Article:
• Publisher: William Morrow Paperbacks (February 2, 2016)
Listening to someone else’s mix tapes is a huge breach of trust. But KitKat was dead . . . and curiosity got the better of me.
When a mix tape destined for her friend KitKat accidentally arrives in Jett Bennett’s mailbox, Jett doesn’t think twice about it—even in the age of iTunes and Spotify, the hipster residents of the Barter Street district of Brooklyn are in a constant competition to see who can be the most retro.
But when Jett finds KitKat dead on her own kitchen floor, she suspects the tape might be more than just a quirky collection of lovelorn ballads. And when KitKat’s boyfriend, Bronco, is arrested for her murder, Jett and her best friend, Sid, set out on an epic urban quest through strip joints and record stores, vegan bakeries and basement nightclubs, to discover who the real killer is. However, the further Jett digs into KitKat’s past, the more she discovers about her own left-behind love life—and the mysterious man whose song she still clings to. . . .
Throughout the novel there are song references. If one isn't playing in the background to set the mood, one is reminding Jett of one of her exes. While systematically breaking down what led to the murder, she explores the nostalgia of her own romantic past when listening to a collection of mix-tapes that was left by the deceased. Most of them were from ex boyfriends, which is how Jett got to thinking of her own. She even went about confronting them. Here we find most are bitter men who wished and wanted, but eventually found they should stick with the tolerable wife and family. None of this had anything to do with the murder, rather Jett decluttering her past the way some of us should.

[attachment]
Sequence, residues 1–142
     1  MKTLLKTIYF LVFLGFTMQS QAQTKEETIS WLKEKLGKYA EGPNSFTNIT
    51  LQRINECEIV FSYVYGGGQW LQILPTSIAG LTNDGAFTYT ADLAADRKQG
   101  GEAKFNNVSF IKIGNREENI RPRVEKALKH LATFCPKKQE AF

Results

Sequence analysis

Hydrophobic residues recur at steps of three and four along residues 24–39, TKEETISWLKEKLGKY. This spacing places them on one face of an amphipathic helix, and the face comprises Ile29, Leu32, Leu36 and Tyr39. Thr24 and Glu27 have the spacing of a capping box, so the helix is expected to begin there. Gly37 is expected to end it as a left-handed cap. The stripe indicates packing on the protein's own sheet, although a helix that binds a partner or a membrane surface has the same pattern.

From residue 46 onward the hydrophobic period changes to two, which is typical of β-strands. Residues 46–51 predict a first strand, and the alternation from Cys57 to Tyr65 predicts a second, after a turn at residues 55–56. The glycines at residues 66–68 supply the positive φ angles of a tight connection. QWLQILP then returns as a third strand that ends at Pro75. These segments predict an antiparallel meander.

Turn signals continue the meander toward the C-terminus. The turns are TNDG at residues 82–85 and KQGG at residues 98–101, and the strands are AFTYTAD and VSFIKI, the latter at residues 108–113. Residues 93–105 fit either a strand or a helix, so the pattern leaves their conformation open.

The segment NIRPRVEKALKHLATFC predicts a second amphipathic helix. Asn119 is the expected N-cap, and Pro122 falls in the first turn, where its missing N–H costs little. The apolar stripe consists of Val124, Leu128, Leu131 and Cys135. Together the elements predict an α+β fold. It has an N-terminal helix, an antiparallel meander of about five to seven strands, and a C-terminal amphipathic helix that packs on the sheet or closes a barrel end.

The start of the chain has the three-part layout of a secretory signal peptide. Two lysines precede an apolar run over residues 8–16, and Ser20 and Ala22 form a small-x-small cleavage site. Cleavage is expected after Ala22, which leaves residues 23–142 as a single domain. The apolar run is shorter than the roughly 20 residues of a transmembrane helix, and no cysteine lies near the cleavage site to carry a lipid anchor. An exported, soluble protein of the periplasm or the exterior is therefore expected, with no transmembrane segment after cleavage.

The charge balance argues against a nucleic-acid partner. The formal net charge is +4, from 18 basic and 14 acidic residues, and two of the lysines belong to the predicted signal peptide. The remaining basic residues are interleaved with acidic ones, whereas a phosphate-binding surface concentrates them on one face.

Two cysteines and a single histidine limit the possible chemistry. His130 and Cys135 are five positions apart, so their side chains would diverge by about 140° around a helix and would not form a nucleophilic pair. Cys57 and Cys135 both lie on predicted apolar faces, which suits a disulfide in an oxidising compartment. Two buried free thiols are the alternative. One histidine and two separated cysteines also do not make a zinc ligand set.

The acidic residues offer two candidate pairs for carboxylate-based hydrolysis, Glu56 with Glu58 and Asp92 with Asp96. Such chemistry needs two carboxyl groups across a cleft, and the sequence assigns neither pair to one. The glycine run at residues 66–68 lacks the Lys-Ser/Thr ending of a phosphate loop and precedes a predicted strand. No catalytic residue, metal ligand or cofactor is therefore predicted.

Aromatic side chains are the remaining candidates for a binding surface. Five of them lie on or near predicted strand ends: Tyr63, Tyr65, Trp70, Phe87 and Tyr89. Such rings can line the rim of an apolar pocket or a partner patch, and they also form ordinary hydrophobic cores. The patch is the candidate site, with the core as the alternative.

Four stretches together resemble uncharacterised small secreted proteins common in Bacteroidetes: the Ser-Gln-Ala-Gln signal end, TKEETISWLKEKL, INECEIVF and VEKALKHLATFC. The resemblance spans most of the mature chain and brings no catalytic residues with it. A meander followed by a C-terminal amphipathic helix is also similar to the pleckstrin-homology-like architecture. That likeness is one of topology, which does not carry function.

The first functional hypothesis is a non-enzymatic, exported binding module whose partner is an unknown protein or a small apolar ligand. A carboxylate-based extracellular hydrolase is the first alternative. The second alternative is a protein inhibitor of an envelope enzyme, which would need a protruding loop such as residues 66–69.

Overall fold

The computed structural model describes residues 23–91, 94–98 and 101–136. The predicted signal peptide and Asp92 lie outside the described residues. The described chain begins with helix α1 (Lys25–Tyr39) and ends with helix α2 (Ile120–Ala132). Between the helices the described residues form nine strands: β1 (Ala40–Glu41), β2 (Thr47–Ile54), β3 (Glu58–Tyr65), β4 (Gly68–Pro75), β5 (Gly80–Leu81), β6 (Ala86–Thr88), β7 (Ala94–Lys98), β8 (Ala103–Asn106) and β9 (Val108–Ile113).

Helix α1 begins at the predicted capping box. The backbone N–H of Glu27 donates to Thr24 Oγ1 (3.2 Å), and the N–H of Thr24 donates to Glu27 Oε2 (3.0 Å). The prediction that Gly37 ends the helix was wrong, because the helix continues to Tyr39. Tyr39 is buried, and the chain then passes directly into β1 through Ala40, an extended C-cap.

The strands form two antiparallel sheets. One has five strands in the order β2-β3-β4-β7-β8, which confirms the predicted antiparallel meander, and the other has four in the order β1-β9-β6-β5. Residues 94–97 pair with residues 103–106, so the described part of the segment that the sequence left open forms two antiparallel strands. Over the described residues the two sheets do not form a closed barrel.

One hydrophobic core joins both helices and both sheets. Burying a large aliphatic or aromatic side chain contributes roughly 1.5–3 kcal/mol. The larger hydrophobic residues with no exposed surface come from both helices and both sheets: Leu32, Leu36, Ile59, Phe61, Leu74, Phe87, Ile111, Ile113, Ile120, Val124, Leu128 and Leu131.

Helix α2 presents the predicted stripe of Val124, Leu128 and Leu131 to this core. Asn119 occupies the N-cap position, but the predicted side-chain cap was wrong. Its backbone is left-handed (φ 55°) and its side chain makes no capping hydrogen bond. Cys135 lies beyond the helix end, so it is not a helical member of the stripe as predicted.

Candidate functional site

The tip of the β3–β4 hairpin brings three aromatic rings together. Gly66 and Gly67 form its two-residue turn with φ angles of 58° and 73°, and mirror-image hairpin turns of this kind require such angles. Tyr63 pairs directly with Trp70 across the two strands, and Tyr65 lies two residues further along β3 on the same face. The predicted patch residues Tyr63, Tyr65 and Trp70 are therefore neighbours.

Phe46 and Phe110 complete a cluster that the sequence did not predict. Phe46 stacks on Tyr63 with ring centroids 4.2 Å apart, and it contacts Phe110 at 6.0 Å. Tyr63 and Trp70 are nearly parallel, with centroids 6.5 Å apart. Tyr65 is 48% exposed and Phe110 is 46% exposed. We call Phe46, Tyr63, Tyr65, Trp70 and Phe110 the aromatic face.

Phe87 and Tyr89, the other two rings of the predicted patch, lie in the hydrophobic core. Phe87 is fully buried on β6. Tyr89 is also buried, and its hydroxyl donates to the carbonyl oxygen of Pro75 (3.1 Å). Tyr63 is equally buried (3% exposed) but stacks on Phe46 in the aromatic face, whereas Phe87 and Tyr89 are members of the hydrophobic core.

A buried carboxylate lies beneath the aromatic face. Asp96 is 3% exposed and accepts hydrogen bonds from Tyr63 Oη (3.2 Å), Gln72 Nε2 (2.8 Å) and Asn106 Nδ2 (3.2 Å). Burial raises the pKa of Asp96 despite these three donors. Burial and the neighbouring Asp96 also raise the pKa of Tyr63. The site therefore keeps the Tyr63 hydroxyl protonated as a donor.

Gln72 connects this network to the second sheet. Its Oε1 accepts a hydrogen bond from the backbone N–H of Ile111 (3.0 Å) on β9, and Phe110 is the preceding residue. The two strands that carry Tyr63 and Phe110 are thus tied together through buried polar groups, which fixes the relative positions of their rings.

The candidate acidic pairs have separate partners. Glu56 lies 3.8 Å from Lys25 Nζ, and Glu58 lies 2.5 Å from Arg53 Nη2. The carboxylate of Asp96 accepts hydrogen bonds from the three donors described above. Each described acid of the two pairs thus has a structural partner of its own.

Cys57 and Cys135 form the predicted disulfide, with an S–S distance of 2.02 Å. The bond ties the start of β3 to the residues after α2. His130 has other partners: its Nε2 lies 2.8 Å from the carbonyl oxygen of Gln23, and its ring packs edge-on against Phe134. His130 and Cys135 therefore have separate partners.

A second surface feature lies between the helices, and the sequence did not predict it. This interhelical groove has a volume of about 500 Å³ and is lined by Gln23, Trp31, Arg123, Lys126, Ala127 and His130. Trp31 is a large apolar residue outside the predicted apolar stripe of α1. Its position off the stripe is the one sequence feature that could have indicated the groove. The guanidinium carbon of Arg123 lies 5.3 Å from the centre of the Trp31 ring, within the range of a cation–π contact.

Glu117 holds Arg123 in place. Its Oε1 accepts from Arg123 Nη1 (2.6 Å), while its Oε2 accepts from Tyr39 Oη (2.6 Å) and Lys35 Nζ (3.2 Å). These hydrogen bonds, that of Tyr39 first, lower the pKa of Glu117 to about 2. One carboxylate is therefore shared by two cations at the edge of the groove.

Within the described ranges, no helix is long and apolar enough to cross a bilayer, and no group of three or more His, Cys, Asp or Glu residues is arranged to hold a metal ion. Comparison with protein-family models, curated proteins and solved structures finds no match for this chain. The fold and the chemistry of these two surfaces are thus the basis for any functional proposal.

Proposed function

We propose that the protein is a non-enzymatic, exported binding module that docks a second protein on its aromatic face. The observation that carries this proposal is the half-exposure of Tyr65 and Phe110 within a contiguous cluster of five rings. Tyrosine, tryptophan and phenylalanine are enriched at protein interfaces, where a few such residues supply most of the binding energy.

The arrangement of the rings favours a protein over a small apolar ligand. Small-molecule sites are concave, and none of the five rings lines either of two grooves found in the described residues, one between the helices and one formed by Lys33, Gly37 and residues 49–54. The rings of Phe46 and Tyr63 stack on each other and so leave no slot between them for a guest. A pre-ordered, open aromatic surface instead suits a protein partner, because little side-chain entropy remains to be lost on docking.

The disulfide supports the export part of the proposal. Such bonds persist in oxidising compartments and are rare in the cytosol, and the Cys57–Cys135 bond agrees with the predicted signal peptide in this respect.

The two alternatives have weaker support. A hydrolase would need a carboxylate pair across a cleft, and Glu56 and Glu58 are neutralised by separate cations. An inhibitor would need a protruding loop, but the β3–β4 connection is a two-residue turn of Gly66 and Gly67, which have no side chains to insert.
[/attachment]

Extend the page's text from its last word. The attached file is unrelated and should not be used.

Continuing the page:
When Jett wasn't acting like a PI, or hunting down old boyfriends, she was struggling with her feelings for male best friend, Sid. This is where I think the heart of the story lies and I would suggest this to romance fans, more than a hard-boiled mystery fan. There was a cute tug-of-war between the two of them.
ABOUT THE AUTHOR:
Libby Cudmore worked at video stores, bookstores, and temp agencies before settling down in upstate New York to write. Her short stories have appeared in PANK, The Stoneslide Corrective, The Big Click,and Big Lucks. The Big Rewind is her first novel.
Follow Libby on her blog and connect with her onTwitter.